Brexit Bites, 23 October 2017

Oct 23, 2017

The UK has eight weeks to convince EU leaders to advance the Brexit talks after five rounds have ended in deadlock.  The UK’s hopes of beginning a dialogue on trade were dashed last week at the EU Summit when the EU27 said that sufficient progress had not been made.  Now Theresa May needs to convince her UK counterparts that the UK and EU need to come to some common ground on the financial settlement so that trade talks can begin.

EU say no

EU leaders gathered in Brussels last week for a critical EU Summit to establish whether sufficient progress has been made on the financial settlement, citizens’ rights and Northern Ireland.  It seems that after five rounds of negotiations, talks are at a standstill.

The EU have categorically said that talks cannot progress to trade until the divorce Bill, among other matters have been clarified and the EU has given the UK eight weeks to convince them that the deadlock can be broken. 

UK Prime Minister Theresa May reportedly made a plea to the EU 27 to allow talks to move on to trade and asked that the EU and UK work together to achieve a good deal for their respective citizens.

The German Chancellor Angela Merkel struck a positive tone regarding the talks reportedly saying that she doesn’t believe there is any reason that talks would not be successful.  She urged both sides to be clear about the details of the future relationship.

Taoiseach Leo Varadkar, who attended the Summit said he was encouraged that the other EU Member States understood the particular issues Brexit brings for Ireland and Ireland has their support.

It’s come down to money

In terms of the divorce Bill, Theresa May said in her speech in Florence that "the UK will honour commitments we have made during the period of our membership". So what’s the issue?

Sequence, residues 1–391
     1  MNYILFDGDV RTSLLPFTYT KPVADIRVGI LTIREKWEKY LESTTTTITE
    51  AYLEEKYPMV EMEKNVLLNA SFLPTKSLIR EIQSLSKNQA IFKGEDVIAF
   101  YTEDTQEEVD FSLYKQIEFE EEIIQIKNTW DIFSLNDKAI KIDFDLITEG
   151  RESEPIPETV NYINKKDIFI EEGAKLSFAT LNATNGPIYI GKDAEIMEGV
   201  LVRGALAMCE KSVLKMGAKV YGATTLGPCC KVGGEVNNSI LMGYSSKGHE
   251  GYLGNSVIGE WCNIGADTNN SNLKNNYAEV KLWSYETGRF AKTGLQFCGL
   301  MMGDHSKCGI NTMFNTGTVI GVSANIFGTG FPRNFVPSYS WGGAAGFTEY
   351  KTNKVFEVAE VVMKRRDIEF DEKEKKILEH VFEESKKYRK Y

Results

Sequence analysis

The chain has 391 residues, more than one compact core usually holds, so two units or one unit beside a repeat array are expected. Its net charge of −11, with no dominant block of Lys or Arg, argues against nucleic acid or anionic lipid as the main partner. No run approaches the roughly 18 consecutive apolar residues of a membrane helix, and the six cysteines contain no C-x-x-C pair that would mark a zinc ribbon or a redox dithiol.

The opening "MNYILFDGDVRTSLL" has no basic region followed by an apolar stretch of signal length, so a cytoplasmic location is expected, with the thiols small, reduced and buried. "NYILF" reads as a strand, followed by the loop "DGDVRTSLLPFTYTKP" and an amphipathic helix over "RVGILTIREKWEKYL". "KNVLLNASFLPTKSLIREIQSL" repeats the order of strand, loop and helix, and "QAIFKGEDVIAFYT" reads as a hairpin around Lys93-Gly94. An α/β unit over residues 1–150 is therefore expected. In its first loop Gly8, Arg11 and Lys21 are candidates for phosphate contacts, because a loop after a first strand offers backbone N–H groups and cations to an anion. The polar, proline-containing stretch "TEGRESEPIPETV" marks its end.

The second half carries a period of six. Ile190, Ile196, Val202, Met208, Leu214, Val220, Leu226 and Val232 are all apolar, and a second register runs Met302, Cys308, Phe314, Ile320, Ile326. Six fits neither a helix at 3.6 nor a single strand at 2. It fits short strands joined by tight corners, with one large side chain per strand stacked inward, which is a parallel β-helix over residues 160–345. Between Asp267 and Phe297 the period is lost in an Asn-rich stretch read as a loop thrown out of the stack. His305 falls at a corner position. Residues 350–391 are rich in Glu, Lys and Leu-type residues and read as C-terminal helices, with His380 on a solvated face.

The problem could very well lie in the way the EU funds future projects. The Reste à Liquider (RAL) is the term given to the EU’s unfunded future liabilities.  The way the RAL works is that rather than seek funds from member states upfront, the EU commits to expenditure on infrastructure and other projects on the assumption that Member States will continue to fund it.  For example the EU might agree to fund a €200 million project over two years but might only receive the money from other EU Members States over a six year period. Therefore there is a gap between income and liabilities and sometimes this difference can be significant. It’s reported that it currently stands at over €230 Billion. 

So with projects completed now and funded later, what happens if the UK leaves EU during this time lapse?  And this is the very problem the EU has. When Theresa May says the UK will honour commitments but offers no practical detail, the EU is left wondering whether the UK will honour all of its commitments. Article 50 doesn’t say anything about financial settlements once a country has departed the EU so we are in unchartered legal waters. Some Brexit supporters see any payment as being a form of goodwill rather than an obligation. The EU sees it differently and therein lies the quandary.

Brexit Shorts

  • EU and UK agree that Common Travel Area between Ireland and UK should remain
  • In an open letter, Theresa May tells EU Citizens that they can stay after Brexit
  • Ministers look set to delay debate on the European Withdrawal Bill
  • OECD report says reversing Brexit would benefit the UK economy